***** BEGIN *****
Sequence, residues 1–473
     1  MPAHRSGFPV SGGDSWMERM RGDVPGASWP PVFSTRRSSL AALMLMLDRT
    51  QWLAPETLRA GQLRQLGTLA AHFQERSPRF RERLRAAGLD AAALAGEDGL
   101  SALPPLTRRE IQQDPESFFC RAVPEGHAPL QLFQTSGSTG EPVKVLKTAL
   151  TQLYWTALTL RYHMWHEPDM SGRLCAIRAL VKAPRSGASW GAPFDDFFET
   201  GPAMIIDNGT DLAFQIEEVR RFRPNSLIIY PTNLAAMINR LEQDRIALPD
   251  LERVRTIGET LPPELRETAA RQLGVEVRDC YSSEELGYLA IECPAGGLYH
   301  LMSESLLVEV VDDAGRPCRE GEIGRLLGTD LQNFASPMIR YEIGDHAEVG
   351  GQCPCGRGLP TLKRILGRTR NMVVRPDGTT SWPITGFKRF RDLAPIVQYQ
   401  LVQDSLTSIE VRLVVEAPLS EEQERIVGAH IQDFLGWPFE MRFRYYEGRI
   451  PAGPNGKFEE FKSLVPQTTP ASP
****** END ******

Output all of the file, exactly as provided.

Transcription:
Sequence, residues 1–473
     1  MPAHRSGFPV SGGDSWMERM RGDVPGASWP PVFSTRRSSL AALMLMLDRT
    51  QWLAPETLRA GQLRQLGTLA AHFQERSPRF RERLRAAGLD AAALAGEDGL
   101  SALPPLTRRE IQQDPESFFC RAVPEGHAPL QLFQTSGSTG EPVKVLKTAL
   151  TQLYWTALTL RYHMWHEPDM SGRLCAIRAL VKAPRSGASW GAPFDDFFET
   201  GPAMIIDNGT DLAFQIEEVR RFRPNSLIIY PTNLAAMINR LEQDRIALPD
   251  LERVRTIGET LPPELRETAA RQLGVEVRDC YSSEELGYLA IECPAGGLYH
   301  LMSESLLVEV VDDAGRPCRE GEIGRLLGTD LQNFASPMIR YEIGDHAEVG
   351  GQCPCGRGLP TLKRILGRTR NMVVRPDGTT SWPITGFKRF RDLAPIVQYQ
   401  LVQDSLTSIE VRLVVEAPLS EEQERIVGAH IQDFLGWPFE MRFRYYEGRI
   451  PAGPNGKFEE FKSLVPQTTP ASP